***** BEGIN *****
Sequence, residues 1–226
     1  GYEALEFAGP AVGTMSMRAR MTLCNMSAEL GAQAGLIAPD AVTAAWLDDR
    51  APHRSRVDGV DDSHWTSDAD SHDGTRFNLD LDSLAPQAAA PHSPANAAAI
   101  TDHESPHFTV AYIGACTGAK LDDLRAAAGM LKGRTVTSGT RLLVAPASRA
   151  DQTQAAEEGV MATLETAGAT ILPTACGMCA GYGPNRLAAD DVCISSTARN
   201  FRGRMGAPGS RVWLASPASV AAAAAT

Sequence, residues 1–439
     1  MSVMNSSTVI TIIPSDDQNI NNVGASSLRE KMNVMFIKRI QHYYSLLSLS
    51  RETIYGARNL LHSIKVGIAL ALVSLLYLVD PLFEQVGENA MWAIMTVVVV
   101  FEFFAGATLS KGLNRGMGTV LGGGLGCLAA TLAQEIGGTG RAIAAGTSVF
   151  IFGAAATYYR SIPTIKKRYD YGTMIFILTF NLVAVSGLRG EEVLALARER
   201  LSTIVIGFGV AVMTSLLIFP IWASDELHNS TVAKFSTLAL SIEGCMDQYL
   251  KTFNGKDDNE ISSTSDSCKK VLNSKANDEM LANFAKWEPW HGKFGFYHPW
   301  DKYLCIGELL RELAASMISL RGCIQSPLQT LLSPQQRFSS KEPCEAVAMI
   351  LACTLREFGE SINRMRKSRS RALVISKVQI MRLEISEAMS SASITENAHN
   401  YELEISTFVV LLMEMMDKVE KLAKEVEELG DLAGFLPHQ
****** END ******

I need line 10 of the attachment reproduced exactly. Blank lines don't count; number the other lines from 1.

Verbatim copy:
   101  FEFFAGATLS KGLNRGMGTV LGGGLGCLAA TLAQEIGGTG RAIAAGTSVF